UFC continues, but not without controversy
by Bryan Fonseca
May 20, 2020 | 1286 views | 0 0 comments | 191 191 recommendations | email to a friend | print
After two months without live sports in America, the UFC became the first major professional league to re-open its doors and return to action, holding UFC 249 – originally scheduled to take place in Brooklyn – on May 9 in Jacksonville.

This past week, the promotion returned for two more events in Florida, both of which aired on ESPN, this past Wednesday and Saturday.

On Wednesday, the UFC held a Fight Night event headlined by Glover Teixeira (31-7) recording a fifth-round TKO stoppage victory over fellow former light heavyweight title contender Anthony Smith (33-15).

The card also featured native New Yorker Brian Kelleher (21-10), who stopped the previously undefeated Hunter Azure (8-1) in round two of what was named the Fight of the Night, awarding each fighter a bonus worth $50,000.

On Saturday, the card was headlined by perennial heavyweight contender Alistair Overeem’s (46-18) second-round TKO over rising challenger and sentimental favorite Walt Harris (13-8).

Harris’ missing stepdaughter, Aniah Blanchard, who was found shot to death, was a driver to Saturday’s card.

Overeem embraced Harris immediately after the fight was over, as Harris remained in a fetal position on the canvas, distraught over his loss one round after nearly recording a stoppage of his own.

“Tonight wasn’t my night, but you best believe I will be back better,” Harris posted on social media. “Thank to everyone for all your love and support.”

In the co-feature, Cooper Union School of Art graduate Angela Hill (12-8) was controversially outpointed by former UFC strawweight title contender Claudia Gadelha (18-4), 29-28, 29-28 and 28-29, despite Hill’s landing more shots and drawing blood from Gadelha’s face, while Hill remained seemingly unfazed.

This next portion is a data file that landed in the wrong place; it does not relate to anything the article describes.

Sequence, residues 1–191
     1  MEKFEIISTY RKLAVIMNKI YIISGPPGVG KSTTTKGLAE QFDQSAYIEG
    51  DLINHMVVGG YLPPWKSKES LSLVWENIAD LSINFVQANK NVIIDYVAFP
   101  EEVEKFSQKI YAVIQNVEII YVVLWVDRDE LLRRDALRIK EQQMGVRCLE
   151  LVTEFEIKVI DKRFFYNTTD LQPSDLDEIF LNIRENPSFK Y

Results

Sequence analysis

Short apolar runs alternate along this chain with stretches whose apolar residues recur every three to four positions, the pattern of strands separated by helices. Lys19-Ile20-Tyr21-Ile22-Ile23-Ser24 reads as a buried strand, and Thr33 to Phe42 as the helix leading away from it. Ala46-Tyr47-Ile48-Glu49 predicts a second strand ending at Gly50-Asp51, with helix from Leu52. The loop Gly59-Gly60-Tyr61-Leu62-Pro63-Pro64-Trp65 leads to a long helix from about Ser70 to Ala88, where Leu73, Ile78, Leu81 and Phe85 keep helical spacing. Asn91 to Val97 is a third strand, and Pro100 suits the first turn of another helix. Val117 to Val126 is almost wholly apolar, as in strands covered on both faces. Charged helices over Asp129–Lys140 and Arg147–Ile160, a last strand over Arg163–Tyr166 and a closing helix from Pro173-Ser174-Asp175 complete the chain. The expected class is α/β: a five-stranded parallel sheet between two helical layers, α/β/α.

Hill, who has had seven fights since March of 2019, putting forth a record of 4-3 (though it very easily could be 6-1), already wants to fight again.

“I won that fight,” she said in comment directed at UFC president Dana White. “Book me wherever and I’ll carve up more of your girls.”

Regarding the coronavirus response, White received pushback from the New York Times this week as the newspaper obtained a copy of the UFC’s “Jacksonville Event Operations Plan” to help negate the spread of the virus. Times’ reporter Kevin Draper accused the UFC of not following their own protocol.

“F**k that guy,” White said during the post-fight news conference. “That guy who’s never covered the sport was writing a story about [UFC parent company] Endeavor.”

White accused the Times of using the UFC for content views.

“They did killer traffic,” White said. “Now they’re writing stories, three a week, and they’re posting live results. I don’t care what this guy thinks or what he has to say, what he writes. Good for him, he’s pulling traffic.”

Ronald “Jacare” Souza and his two cornermen remain the only positive COVID-19 tests under UFC guidelines. Souza’s bout with Uriah Hall, scheduled for UFC 249 was cancelled, but the event continued.

Souza released his first public statement regarding the test last week.

“I was very sad to not be able to fight at UFC 249, but I want you to know that as soon as I'm medically cleared, I hope to reschedule my fight with Uriah Hall so that I can put on the show that everyone expects,” he said.

The UFC has already scheduled more events. The promotion is planning a return on May 30 at an undetermined location, featuring a main event between former welterweight champion Tyron Woodley (19-4-1) and Gilbert Burns (18-3).

UFC bantamweight and featherweight champion Amanda Nunes (19-4) is scheduled to defend her latter championship against Felicia Spencer (8-1) on June 6 at UFC 250.
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